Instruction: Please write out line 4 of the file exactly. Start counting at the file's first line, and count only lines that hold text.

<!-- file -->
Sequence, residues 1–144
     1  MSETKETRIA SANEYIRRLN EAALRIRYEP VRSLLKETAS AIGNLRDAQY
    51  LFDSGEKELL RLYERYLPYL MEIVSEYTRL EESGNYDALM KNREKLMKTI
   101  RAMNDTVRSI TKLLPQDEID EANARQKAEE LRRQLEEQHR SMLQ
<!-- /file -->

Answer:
   101  RAMNDTVRSI TKLLPQDEID EANARQKAEE LRRQLEEQHR SMLQ